In order to more accurately determine the type to which a pixel series belongs, a state change counter is utilized by the classifier 103. Two "states" are define for the pixels, based on their values: a bitonal state (including black pixels and white pixels), and a gray state (including gray pixels). In FIG. 3 the classifier 103 is seen to include six registers. Register 301 is the "low threshold," the value below which a pixel is determined to be white. Register 302 is the "high threshold," the value above which a pixel is determined to be black. Register 303 is the "state change counter," which is reset to zero by the classifier before a pixel series is analyzed, and incremented by one each time a pixel is encountered which is of a different state than the previous pixel (i.e., a gray pixel is encountered immediately following a white pixel, or a black pixel is encountered immediately following a gray pixel). Register 304 is the "grayscale counter," which is reset to zero by the classifier before a pixel series is analyzed, and incremented by one each time a pixel is encountered which is of the gray state. Register 305 is the "state change threshold." After all eight pixels have been analyzed, the state change counter 303 is compared to the state change threshold 305. If the value in the state change counter 303 exceeds the value in the state change threshold 305, the series of pixels is categorized grayscale. A second test is necessary to handle the situation, as in series 204, where all (or nearly all) pixels are grayscale in a particular series. In that case, the state change counter will contain zero, but the grayscale counter will have a large value. To handle this situation, when state change counter 303 does not exceed the state change threshold 305, grayscale counter 304 is compared to register 306, the "grayscale threshold." If the value of the grayscale counter 304 exceeds the value of the grayscale threshold 306, the series of pixels is categorized as grayscale. Only if neither counter exceeds the corresponding threshold is a series of pixels categorized as bitonal. This procedure categorizes a series of pixels as grayscale if either the number of state changes is high, or if the number of grayscale pixels is high. The threshold values in registers 301, 302, 305 and 306 are programmable by the user to optimize the categorization process for a particular input image. For example, if the background of an image is dark, register 301, the low threshold, may be set higher than otherwise.
In another embodiment, the classifier 103 examines the pixel statistics of the series immediately in front of and the series immediately behind a target series. The effects of the pixels ahead of and behind the target pixels can be modified by weighting. Although a larger memory buffer is required in classifier 103 for this embodiment, the accuracy of the classifier will be improved in many cases. Many other implementations of the classifying procedure will be apparent to those skilled in the art.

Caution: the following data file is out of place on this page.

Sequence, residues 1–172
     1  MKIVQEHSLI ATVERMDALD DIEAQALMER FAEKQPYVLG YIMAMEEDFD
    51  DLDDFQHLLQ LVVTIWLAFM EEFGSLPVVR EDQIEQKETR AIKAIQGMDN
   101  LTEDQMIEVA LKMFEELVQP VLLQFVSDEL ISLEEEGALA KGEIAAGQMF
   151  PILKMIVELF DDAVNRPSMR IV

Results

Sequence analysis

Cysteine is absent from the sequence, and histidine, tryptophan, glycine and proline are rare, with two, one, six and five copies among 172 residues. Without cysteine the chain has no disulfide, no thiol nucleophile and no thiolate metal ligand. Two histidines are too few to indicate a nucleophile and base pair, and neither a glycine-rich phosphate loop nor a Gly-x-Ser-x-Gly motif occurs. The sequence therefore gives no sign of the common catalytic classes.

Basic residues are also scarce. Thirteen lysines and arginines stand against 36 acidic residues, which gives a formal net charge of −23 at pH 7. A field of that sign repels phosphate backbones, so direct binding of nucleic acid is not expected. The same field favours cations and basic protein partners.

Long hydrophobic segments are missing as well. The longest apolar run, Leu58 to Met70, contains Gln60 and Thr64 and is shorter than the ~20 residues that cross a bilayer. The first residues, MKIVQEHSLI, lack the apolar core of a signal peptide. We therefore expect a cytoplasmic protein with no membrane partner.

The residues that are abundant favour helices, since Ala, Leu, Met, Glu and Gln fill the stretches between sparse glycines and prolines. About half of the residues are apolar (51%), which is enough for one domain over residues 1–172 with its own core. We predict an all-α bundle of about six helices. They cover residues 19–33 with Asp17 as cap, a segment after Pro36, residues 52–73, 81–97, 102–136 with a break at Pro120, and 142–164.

Memory device 307 holds the series of eight pixels being analyzed, having been received from the scanner 102. If the classification for a series of pixels is grayscale, then grayscale memory device 308 is filled with the values present in memory device 307, and bitonal memory device 309 is filled with zeroes. If, instead, the categorization for a series of pixels is bitonal, then bitonal memory device 308 is filled with the values of memory device 307, and grayscale memory device 307 is filled with zeroes. The classifier 103 then sends the values from grayscale memory device 307 to the grayscale compressor 104a, and sends the values from bitonal memory device 308 to the bitonal compressor 104b. In this way, each type of compressor 104 receives either pixel series of its own type, or else zeroes. Compressor 104a is optimized to compress grayscale images using a scheme such as JPEG. Compressor 104b is optimized to compress bitonal images using a scheme such as JBIG, G3 or G4. Because the regions classified as bitonal may contain some grayscale pixels, it is preferable to use a simple thresholding function to set all pixels in a bitonal series to black (FF) or white (00). This permits a more efficient bitonal compression. Each compressor 104 may be implemented either as a hardware, software or firmware module. A hardware implementation of the JPEG compressor is the model #Z36050 image compressor from Zoran. The model #PM2 image compressor from Pixel Magic is a conventional hardware implementation of a compression scheme optimized for bitonal images. The effect of zeroes in the data transmitted to a compressor 104 is that it is given an image 105 in which those portions of the image that the compressor 104 cannot efficiently compress are masked out in white. Since all of the compression schemes can efficiently compress a large white space, each compressor 104 is able to efficiently compress a different part of the image.
Each compressor 104 stores the result of its compression in a storage device 106. The separate compressed images can reside in the storage device until reconstruction of the original image is desired. At that time, merge device 107 calls upon the storage devices 106 for each compressed portion of the hybrid image 101. The merge device decompresses each image retrieved from storage 106 according to the scheme it was compressed with (in this case JPEG for the grayscale compressed image and JBIG, G3 or G4 for the bitonal compressed image). These separate decompressed images are then superimposed upon one another to form the reconstructed hybrid image 108. The reconstructed hybrid image may be printed, displayed on a monitor, or transmitted to another device, among other things. In an alternate embodiment, the compressed images may be transmitted over a computer network directly to a merge device in another location, where the hybrid image is reconstructed.
The above description is included to illustrate the operation of the preferred embodiments and is not meant to limit the scope of the invention. The scope of the invention is to be limited only by the following claims. From the above description, many variations will be apparent to one skilled in the art that would be encompassed by the spirit and scope of the present invention.
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|U.S. Classification||382/239, 382/176, 358/1.18, 382/173|
|International Classification||G06T9/00, H04N1/41|
|Cooperative Classification||G06T9/00, H04N1/41, G06T9/007|
|European Classification||G06T9/00, H04N1/41, G06T9/00T|
|Oct 21, 1997||AS||Assignment|
Owner name: CANON KABUSHIKI KAISHA, JAPAN
Free format text: ASSIGNMENT OF ASSIGNORS INTEREST;ASSIGNORS:NG, SAMSON Y.;HOCHULI, BRUCE E.;ELROD, DAVID H.;REEL/FRAME:008808/0986
Effective date: 19971020
|May 1, 2001||CC||Certificate of correction|
|May 12, 2004||FPAY||Fee payment|